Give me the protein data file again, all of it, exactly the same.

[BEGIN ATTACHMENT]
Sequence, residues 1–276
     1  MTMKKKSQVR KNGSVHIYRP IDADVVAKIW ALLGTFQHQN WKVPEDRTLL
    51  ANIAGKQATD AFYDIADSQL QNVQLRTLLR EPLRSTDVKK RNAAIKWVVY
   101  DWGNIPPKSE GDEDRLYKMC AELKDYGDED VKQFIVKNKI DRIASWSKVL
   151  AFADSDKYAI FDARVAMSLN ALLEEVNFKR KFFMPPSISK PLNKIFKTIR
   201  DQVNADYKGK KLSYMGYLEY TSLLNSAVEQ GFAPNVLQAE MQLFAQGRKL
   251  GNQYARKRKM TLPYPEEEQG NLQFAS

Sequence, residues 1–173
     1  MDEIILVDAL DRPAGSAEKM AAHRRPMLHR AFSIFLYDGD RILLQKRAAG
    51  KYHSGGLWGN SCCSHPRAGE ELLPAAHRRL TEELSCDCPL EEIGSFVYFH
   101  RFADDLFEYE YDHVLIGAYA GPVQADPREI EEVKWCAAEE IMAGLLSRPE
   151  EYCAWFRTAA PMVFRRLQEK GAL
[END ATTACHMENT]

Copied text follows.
Sequence, residues 1–276
     1  MTMKKKSQVR KNGSVHIYRP IDADVVAKIW ALLGTFQHQN WKVPEDRTLL
    51  ANIAGKQATD AFYDIADSQL QNVQLRTLLR EPLRSTDVKK RNAAIKWVVY
   101  DWGNIPPKSE GDEDRLYKMC AELKDYGDED VKQFIVKNKI DRIASWSKVL
   151  AFADSDKYAI FDARVAMSLN ALLEEVNFKR KFFMPPSISK PLNKIFKTIR
   201  DQVNADYKGK KLSYMGYLEY TSLLNSAVEQ GFAPNVLQAE MQLFAQGRKL
   251  GNQYARKRKM TLPYPEEEQG NLQFAS

Sequence, residues 1–173
     1  MDEIILVDAL DRPAGSAEKM AAHRRPMLHR AFSIFLYDGD RILLQKRAAG
    51  KYHSGGLWGN SCCSHPRAGE ELLPAAHRRL TEELSCDCPL EEIGSFVYFH
   101  RFADDLFEYE YDHVLIGAYA GPVQADPREI EEVKWCAAEE IMAGLLSRPE
   151  EYCAWFRTAA PMVFRRLQEK GAL